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The making of 'Hearing and Touching Leuven': Blindness and multi-sensorial experience in cities
Patrick Devlieger, K.U.Leuven
The paper traces the making of 'Leuven Horen en Voelen' (Hearing and Touching Leuven) in which visually impaired and able-bodied people collaborated in writing a multi-sensorial text, selecting and producing tactile plates, and developing an audio-guide of the city of Leuven. Diversity and mutuality are explored in terms of a critique of the visual and the generation of multi-sensorial knowledge.
In this paper, I trace the making of 'Leuven Horen en Voelen'
(a multi-sensorial book of historic sites in the City of Leuven, Belgium,
published in 2007). The book consists of a multi-sensorial text, photographs,
tactile plates, and an audio-guide. Its use is intended for everyone,
including people who are not visually impaired. First, I discuss how the
project emerged from an idea that followed a European initiative, namely
the 2003 European Year of Disabled Persons, with its emphasis on collaboration
between able-bodied and disabled people and on accessibility, as it was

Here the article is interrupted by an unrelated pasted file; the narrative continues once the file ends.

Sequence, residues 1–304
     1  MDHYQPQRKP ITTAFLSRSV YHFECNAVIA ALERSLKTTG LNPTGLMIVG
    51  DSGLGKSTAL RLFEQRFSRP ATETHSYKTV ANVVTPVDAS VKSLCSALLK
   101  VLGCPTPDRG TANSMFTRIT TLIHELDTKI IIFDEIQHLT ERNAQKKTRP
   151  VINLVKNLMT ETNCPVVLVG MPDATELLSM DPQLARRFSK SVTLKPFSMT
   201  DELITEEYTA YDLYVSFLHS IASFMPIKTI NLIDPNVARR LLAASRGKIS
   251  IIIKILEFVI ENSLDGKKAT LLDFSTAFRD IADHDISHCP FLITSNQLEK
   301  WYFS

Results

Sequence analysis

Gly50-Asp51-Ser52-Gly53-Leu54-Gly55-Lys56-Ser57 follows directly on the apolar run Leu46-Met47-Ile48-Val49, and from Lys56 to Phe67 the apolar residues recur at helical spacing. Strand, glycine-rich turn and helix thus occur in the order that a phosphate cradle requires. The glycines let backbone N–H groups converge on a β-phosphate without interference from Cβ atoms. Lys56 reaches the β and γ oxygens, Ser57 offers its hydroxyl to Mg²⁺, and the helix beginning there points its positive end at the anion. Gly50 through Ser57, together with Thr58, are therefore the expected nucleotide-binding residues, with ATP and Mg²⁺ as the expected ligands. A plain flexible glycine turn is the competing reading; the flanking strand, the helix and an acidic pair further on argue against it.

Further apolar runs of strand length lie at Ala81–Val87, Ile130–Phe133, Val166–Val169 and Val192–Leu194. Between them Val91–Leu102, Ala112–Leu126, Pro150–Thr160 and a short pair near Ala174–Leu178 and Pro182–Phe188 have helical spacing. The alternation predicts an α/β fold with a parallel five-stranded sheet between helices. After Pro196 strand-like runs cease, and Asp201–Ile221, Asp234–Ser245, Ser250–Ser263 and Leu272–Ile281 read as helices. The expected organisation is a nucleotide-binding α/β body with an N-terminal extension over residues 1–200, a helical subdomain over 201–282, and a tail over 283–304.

being translated to the local level of a city and its applicability in
the promotion of its historical resources. In particular, I retrace the
organic nature of collaboration and mutuality. Second, I discuss some
misunderstandings and miscalculations by city guides and participants
in the city tour. These 'misunderstandings' could be seen
as the response of a critique on the dominance of visual experience and
attempts to reincorporate the project into existing discourses and practices,
which then again requires new steps in an ongoing dialogue. In this context,
I also discuss the awarding of the Hugo De Keyser price to the project.
Thirdly, I offer some thoughts on the limits and expansions of the book-as-medium
and the dominance of the visual. Finally, I evaluate to what extent visual
impairment serves as an expansion of existing diversity and mutuality
in cities, but also acknowledging existing borders and different worlds
that cannot be easily transgressed.
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